The French chemist Paul Jeancard (1869-1948) was born to family of perfume makers, whose presence in this trade dated back to 1780. Jeancard became head of the family business in 1894.
A capable engineer as well as a tireless traveller, Jeancard founded plantations, factories and subsidiaries in several parts of the world such as Italy, Bulgaria, Turkey, Syria, Egypt, Algeria, Morocco, Spain, the USA, Mexico, India, Indochina, Japan and China. Alongside his commercial activity in these countries, he also did research on metallurgy. He won several distinctions and decorations, awarded by state and private institutions in France and other European countries.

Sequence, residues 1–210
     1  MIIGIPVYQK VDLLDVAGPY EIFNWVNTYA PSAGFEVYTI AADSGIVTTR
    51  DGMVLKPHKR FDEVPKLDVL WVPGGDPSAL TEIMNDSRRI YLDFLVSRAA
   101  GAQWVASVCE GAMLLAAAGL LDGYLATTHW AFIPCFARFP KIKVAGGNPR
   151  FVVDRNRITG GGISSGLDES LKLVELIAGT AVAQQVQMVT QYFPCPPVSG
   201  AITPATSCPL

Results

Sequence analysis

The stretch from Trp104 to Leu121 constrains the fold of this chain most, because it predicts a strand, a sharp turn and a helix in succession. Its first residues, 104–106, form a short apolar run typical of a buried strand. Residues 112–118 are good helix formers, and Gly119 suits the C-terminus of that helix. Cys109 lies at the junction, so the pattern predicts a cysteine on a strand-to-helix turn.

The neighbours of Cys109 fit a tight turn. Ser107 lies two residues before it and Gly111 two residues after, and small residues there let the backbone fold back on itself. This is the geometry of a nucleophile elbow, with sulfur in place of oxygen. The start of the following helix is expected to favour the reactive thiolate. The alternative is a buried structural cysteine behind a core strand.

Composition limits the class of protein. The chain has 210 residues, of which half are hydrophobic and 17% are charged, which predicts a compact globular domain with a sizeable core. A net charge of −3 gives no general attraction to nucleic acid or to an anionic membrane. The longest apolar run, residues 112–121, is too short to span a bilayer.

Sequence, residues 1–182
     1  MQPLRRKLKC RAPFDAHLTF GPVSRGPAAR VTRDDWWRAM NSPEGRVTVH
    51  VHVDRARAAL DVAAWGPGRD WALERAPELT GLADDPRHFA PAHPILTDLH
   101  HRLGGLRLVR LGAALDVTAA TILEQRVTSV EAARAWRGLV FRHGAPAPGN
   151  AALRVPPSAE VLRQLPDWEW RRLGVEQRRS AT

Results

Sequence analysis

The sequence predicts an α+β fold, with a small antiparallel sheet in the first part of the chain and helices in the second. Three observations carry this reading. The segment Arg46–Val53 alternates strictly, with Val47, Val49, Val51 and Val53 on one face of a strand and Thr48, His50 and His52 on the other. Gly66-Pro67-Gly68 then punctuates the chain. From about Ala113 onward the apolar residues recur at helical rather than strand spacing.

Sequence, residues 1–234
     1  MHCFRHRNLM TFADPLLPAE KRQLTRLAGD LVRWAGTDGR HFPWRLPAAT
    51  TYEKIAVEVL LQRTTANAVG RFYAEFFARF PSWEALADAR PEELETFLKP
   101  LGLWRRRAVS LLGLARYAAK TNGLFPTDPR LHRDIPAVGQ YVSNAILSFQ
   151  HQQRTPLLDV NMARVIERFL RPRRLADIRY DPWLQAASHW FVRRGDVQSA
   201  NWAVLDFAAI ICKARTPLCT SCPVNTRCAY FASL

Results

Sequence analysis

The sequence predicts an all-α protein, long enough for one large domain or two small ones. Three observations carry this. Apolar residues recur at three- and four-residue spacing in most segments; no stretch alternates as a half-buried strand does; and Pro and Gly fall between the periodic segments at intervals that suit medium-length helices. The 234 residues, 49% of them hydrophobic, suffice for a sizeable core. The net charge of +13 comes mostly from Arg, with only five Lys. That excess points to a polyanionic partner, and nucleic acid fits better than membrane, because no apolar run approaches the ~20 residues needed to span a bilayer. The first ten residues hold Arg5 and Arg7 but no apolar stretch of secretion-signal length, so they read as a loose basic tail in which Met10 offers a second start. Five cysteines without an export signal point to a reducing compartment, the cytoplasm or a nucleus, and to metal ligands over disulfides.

Jeancard served in the French Army in 1914 as artillery officer. After becoming wounded, he retired, became professionally active in France and was regularly entrusted with missions by the French State. His range of activity reached to the Far East, where he also founded a bank. Jeancard was also the author of “La Chimie des Parfums”, a treatise on perfume chemistry, which earned him international acclaim. He also published this chronicle of a journey to the East, which he had visited before 1914.
Jeancard travelled in the southeastern Mediterranean, and subsequently in the region between Izmir and Isparta in the inland of Asia Minor, from April to June (year unspecified). The wood engravings and water colours which illustrate this work were based on Jeancard's own drawings.
Written by Ioli Vingopoulou